SHREVEPORT, La. - It is a problem that has lasted for decades -- Shreveport's pension plan.
While pensions are currently being paid to current retirees, the money in the pension fund is drying up quickly. If something is not done soon future generations could inherit a growing debt.
KTBS took a close look at the numbers and asked the city for answers.
Shreveport City Councilman John Nickelson recently brought up the issue after a 21 page report was prepared by Milliman, a firm the city uses to evaluate its pension system.
The report showed the city where its pension system was today and where it will be in 15 years if contributions remain the same. Nickelson said the results are alarming.
"I was concerned because on the campaign trail one of the issues that I and other candidates discussed was the fact that the city's pension fund was only 48 percent funded,” Nickelson said. “Anything below 50 percent is considered severely distressed."
KTBS enlisted the help of Heard, McElroy, & Vestal LLC, a Shreveport accounting firm that doesn't have ties to the city. The firm broke down the numbers from the Milliman report and said the future of the pension plan was actually much worse.
"Right now, just with this one pension plan, the city has other plans, the total liability, according to this actuarial report, at the end of 2018, was over $400 million,” said Robert Dean, a CPA at Heard, McElroy, & Vestal.
That's how much the city would need to pay into their pension plan, today, to bring up to date. But, according to the Milliman report, the city has less than $175 million in savings, leaving them short roughly $242 million.
KTBS went to the city for their response and they had a different take.
"It basically is assuming that all of our retirees retire today which, of course, we all know is something that does not happen,” Sharricka Fields Jones said. “But, it is a number that by accounting standards we are required to report."
But KTBS's accounting expert said the real issue is what is the city doing, today, to fund the pensions the city promised to current and future employees.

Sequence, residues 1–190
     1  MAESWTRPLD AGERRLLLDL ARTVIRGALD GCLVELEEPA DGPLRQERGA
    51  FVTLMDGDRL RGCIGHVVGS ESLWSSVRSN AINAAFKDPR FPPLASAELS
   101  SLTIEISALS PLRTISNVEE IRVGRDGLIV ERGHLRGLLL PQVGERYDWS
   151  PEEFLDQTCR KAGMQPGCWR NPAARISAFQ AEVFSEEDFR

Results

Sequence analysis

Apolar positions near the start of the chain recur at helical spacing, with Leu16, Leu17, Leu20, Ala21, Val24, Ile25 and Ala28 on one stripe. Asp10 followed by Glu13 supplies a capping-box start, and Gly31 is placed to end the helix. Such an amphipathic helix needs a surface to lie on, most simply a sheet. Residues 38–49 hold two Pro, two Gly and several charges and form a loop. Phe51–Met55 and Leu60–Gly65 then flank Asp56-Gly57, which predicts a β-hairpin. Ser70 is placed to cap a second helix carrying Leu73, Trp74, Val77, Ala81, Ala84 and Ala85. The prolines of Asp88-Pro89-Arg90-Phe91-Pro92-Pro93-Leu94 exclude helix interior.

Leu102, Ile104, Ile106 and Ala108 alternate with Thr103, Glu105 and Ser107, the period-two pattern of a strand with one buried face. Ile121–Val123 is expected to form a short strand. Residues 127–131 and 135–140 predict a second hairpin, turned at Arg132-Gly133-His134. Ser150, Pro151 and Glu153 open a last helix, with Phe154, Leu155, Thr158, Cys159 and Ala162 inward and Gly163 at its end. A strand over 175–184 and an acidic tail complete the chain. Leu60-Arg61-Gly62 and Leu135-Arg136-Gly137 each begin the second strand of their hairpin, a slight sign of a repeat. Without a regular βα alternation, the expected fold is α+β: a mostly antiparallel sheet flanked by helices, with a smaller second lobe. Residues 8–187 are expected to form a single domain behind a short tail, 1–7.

According to the Milliman report, over the course of the next 15 years, the city has to pay $515 million in pension benefits. To make the formula work, the city needs to save roughly $35 million dollars a year.
But according to the report, they were only contributing about $10 million. Employee contributions and earnings on the savings kick in some, but according to KTBS's CPA, it's just not enough to keep up.
"This shortfall is building every year and it is building every year,” Dean said. “We are not making progress on it. That means more and more money, in cash, will have to come out of future budgets to pay for the past under fundings."
To contribute $35 million a year, the city is left with very few options. Either they make that money in investments, increase employee contributions or take the money away from other city services.
In 2014, the city made drastic changes to address the issue. They decreased the pension benefit of future employees."It also increased the contribution that the city was making annually,” Fields Jones said. “It increased the contributions the employees were making annually. That was a decision employees were also involved with."
But, as this report showed, even that was not enough.
Adding to the problem, the report assumes the city will make a 7 percent return each year on investments. However, last year, the city took a $7 million loss on its investments.
"This report, if we took it again today, would look a lot different,” Fields Jones said. “If the stock market performs a lot better going forward, which we expect it to, this picture would look a lot better as well."
Assuming the stock market does do better, KTBS's expert still does not believe it is enough
"We clearly do not have enough money set aside today to prevent us from having to suck money out of a future budget to pay a liability that was incurred,” Dean said. “It is putting it off. It is kicking the can down the road."
City leaders say they were taking the issue seriously and supposed to meet with the firm that reviews its pension fund.
"The board will have some opportunities to do some hands on discussions with their team and to look at different scenarios,” Fields Jones said. “Basically, like was done in 2014, was to put everything on the table and looking at the good, the bad, and the ugly, make those tough decisions and see what we can do.”
Fields Jones ensures employees current and future that they city will continue to keep its promise to pay employee pension benefits. That's something KTBS's CPA said will require major changes.